He had been hired as part of a push to be more inclusive of the supernatural in public servant jobs. There weren’t many in the department. Besides him and Parish, there was only three other sups on the force; a half ogre named Greenburg who sucked way worse than Derek, a half fae named Claire who didn’t actually have any increased abilities, and an almost ready to retire selkie, Randy, who was incredibly strong, but had no increased healing factor.
There were also a couple of consultants who worked with the police, though weren’t actually cops. So far, Derek had only met Lydia, a terrifying banshee who had more confidence in her little finger than Derek did in his whole body, but he knew there were several more. Sups tended to prefer a little distance from the cops. Too many of them had been treated unfairly in the past, but Beacon Hills was fighting to change that. Starting with Derek.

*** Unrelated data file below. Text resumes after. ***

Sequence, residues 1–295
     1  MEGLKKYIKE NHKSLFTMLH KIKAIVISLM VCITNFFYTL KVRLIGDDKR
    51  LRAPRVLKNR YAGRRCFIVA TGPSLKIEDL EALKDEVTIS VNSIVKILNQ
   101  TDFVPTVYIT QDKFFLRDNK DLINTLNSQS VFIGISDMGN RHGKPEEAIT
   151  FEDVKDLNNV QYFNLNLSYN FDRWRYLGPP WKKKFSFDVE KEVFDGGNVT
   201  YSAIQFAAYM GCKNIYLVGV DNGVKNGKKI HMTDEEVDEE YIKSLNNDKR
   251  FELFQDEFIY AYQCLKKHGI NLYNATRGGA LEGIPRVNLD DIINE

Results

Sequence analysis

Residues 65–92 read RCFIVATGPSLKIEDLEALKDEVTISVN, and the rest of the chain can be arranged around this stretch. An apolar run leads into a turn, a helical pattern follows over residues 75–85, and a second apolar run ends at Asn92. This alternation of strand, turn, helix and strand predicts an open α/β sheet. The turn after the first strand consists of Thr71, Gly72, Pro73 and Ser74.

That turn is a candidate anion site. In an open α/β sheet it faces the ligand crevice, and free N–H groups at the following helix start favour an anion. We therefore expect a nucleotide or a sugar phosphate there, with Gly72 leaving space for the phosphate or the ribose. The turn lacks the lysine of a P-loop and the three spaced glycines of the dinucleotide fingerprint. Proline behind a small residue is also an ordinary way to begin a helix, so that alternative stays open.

It was a start. The public had to learn that wolves were people too. And what better way to show that, then by working in his hometown to make it a safer place.
His mom and the rest of the pack had been happy to have him back, after his college days in New York. He had learned a lot and had many good life experiences, but he had missed them all. A wolf isn’t meant to live without its pack.
He grabbed another cup of bitter coffee, refilling the pot as he finished it up, then went back to his desk, paperwork finished. He looked at his computer, mind wandering dangerously.
Stiles Nowak wasn’t a common name. One little search, and he could learn a lot more about him. It wasn’t exactly legal, since he didn’t arrest the kid, but how could it hurt. No one would know. He should double check. Make sure that Scott really was his brother, that he would take care of Stiles.
Mind made up, he began to type, but before he could hit enter, a hand slammed down on the desk, making him jump.